NOTE: saw this article today, and decided to update this post from July 2009.
I’ve been thinking for a while about science having a common foundation with religion, and how science is a parallel, direct alternative to religion. The commonality between the two is faith. By religion, I should clarify Christianity as widely practiced in the United States; to some degree, what I say about religion here may apply to broader definitions of religion, both geographically and philosophically.
So what are the assertions or tenets of my faith in science?
- That there is a universe.
- That we exist together in that universe.
- That we can observe it together.
- That we can share our observations of the universe with one another.
- That the universe at least sometimes operates consistently according to a set of rules.
- That we can know at least some of those rules through observation.
- That we can use some of those rules and our shared knowledge to sometimes predict outcomes.
- That we have some free will to choose our own goals.
- That we can affect the universe.
- That we can use some of our knowledge of those rules and our shared observations to effect the realization of some of our goals.
And that final tenet is the key differentiator with religion: it presumes that we can effect the universe sufficiently to realize the goals we set from our free will. Religion, on the other hand, suggests that ultimately some of our goals are not ours (e.g., our tendency towards sin), and that we are to some extent powerless to effect the universe (e.g., it’s in God’s hands; God’s will be done).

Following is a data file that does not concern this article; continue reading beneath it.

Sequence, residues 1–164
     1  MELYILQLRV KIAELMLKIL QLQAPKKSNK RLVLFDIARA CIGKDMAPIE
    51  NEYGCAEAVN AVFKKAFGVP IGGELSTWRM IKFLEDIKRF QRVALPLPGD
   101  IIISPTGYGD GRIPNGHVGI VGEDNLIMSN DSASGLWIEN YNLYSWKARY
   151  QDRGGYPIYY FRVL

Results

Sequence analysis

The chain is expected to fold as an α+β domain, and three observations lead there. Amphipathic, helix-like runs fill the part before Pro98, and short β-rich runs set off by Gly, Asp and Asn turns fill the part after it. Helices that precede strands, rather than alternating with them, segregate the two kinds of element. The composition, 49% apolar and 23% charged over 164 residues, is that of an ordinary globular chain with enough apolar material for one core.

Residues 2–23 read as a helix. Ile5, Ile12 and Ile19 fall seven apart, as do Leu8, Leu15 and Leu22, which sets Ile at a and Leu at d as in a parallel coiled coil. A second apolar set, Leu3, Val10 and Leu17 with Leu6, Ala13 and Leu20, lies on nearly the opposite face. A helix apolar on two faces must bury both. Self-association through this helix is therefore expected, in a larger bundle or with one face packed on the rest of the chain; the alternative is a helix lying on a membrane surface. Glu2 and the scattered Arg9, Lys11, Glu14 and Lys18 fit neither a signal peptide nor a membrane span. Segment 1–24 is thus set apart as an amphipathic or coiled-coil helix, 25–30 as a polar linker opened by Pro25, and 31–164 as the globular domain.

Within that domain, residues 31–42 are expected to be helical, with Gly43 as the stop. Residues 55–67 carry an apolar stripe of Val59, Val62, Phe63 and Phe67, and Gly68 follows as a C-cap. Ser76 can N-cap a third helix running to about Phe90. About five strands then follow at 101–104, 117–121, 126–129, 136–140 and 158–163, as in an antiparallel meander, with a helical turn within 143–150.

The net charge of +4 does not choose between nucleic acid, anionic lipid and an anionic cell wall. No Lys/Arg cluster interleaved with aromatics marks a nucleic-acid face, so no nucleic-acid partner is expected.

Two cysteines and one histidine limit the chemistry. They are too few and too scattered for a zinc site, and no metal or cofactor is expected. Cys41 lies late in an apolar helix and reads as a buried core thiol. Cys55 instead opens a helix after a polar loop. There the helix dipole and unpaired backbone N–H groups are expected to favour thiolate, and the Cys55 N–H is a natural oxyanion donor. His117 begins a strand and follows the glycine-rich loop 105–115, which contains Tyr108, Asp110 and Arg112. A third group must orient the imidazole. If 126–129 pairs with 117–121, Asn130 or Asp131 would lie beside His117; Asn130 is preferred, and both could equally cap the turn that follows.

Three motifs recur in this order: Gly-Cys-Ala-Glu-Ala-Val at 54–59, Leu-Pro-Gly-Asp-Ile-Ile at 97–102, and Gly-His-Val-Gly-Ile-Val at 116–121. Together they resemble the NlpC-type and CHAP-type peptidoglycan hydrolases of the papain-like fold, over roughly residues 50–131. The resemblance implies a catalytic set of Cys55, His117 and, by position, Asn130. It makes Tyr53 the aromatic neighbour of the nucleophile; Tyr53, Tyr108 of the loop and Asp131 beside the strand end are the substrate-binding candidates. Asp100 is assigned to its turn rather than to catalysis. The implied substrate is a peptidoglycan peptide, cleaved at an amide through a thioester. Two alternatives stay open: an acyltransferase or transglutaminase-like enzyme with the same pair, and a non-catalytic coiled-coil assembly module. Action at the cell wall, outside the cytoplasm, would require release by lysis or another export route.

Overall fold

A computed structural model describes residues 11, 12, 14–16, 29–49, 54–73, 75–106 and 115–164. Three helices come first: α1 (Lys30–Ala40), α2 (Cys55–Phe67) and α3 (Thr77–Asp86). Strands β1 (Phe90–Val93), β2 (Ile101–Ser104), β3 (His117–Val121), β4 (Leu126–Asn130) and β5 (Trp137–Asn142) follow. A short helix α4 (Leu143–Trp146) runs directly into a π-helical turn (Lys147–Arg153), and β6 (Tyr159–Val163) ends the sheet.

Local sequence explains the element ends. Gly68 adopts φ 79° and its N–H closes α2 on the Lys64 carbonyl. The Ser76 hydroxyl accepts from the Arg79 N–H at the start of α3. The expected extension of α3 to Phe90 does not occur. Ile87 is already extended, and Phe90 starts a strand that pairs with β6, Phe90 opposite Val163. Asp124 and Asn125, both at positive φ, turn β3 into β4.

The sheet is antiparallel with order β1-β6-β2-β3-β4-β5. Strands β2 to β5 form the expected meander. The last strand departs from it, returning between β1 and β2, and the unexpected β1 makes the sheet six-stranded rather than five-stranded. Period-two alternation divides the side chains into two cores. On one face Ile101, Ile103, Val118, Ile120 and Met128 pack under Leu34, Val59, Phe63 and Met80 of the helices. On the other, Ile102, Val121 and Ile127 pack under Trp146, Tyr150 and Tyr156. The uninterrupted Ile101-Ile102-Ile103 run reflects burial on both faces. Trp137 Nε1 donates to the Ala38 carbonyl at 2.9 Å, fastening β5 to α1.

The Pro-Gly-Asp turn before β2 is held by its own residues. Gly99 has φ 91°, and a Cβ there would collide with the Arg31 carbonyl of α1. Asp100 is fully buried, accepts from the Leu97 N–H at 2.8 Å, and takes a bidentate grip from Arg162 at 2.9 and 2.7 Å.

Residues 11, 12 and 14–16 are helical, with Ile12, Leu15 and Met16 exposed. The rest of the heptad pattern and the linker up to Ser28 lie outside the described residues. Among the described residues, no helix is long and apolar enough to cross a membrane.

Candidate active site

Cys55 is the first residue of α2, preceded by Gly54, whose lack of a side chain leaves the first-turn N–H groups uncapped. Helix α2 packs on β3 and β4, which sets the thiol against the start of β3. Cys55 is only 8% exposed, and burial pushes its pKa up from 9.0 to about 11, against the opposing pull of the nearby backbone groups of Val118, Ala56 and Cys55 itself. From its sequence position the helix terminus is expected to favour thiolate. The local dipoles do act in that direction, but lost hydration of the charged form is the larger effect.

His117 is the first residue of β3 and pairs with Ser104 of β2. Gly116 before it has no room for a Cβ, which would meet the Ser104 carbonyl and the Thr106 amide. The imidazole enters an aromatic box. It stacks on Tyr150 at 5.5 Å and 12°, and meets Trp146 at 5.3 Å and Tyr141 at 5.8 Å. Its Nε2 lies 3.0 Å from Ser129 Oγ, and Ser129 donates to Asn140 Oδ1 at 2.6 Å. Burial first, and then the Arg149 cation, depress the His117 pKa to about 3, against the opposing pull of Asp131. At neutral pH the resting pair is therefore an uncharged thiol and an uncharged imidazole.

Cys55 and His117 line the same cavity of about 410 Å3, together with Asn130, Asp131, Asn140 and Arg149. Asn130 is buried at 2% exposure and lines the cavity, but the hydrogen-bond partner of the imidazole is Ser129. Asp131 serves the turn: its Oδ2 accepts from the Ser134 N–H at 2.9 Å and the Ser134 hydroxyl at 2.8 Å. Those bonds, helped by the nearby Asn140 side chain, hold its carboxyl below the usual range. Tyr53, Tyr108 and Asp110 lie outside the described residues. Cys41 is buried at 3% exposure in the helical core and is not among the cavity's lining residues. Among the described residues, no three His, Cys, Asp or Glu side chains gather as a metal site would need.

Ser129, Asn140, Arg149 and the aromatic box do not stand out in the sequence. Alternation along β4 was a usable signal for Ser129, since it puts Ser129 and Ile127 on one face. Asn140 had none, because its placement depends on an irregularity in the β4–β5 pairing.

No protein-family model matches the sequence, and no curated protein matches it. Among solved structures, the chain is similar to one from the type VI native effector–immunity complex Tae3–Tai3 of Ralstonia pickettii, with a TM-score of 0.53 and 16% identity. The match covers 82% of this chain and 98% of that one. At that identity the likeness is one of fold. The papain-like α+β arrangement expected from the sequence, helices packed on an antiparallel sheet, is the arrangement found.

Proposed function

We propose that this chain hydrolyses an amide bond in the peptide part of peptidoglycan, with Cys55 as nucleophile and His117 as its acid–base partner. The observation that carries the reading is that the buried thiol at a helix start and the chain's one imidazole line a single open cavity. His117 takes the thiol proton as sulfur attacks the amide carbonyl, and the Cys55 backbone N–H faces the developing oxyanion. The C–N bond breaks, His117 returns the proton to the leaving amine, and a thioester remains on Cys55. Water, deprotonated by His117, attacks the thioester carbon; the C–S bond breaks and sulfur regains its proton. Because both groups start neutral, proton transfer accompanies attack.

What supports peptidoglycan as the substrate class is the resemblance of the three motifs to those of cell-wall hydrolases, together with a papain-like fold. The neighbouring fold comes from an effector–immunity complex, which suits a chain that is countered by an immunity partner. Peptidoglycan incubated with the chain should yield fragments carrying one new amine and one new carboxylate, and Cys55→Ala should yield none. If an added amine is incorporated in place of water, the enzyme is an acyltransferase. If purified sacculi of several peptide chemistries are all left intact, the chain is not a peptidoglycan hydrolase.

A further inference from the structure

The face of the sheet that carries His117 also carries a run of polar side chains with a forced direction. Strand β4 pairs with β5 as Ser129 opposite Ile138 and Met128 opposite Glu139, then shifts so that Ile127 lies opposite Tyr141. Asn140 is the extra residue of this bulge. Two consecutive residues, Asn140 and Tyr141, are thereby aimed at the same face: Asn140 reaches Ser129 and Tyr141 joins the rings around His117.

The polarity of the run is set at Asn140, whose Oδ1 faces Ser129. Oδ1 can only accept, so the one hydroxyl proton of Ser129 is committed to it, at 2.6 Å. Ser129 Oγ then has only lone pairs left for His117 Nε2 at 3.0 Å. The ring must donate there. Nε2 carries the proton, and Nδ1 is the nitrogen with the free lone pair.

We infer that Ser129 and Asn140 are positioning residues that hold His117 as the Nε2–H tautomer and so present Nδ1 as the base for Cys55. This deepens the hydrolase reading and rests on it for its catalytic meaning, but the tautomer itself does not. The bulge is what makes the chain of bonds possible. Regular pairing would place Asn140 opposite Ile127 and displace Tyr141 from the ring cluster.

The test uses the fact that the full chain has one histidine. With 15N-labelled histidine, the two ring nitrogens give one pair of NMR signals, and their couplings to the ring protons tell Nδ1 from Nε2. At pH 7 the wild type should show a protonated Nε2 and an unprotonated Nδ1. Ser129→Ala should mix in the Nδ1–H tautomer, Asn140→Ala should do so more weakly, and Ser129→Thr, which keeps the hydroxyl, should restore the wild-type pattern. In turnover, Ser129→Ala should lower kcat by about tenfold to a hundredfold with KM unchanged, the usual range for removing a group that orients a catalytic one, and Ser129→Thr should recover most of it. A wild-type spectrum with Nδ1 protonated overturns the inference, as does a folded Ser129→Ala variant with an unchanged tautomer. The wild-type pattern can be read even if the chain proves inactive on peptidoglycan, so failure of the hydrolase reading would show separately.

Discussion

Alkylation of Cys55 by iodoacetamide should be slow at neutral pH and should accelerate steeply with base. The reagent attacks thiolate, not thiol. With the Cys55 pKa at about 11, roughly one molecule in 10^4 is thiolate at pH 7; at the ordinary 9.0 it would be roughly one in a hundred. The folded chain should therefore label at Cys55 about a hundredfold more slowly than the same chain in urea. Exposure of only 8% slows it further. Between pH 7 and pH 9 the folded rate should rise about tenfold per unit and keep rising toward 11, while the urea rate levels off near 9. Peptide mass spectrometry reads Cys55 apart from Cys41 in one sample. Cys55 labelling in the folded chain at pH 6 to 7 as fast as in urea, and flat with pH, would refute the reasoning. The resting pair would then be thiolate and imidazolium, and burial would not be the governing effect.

What separates this faith from that of religion or other schools of philosophy is a single quality: consistency. It asserts that we can use the observed consistency of the universe to affect the universe to achieve our goals, and that when we observe our goals being met that consistency is affirmed. The consistency travels in a circle, complete in itself, even though the ultimate reality, completeness, or veracity of that consistency is unknowable. Yet within that circle we find no contradiction that breaks its utility.
Religion, on the other hand, is riddled with inconsistencies. If God made the world 6,000 years ago, then how to explain the presence of fossils that have lain under the earth for hundreds of millions of years? How do we explain the vastness of a cosmos that extends 13 billion years in all directions? How do we reconcile the goodness of God with cancer, with the existence of Hitler?
All of these tenets swirl about one central aspect: consistency. These tenets have reliably shown they are true together, and continue to behave, well, consistently together. Yet why? What if one day the universe (or God) decided should not be so consistent? Just for that one day? Or perhaps from this day on be consistent, but under a new set of rules than we have ever seen?
And that’s why science itself still rests on faith: an abiding belief that what was true yesterday will continue to be true tomorrow. So far, that has proven itself to be true, and even when it appears the rules of changed, we simply discover that we had deduced the wrong set of rules. But we take it for granted that the universe has this consistency. That is faith.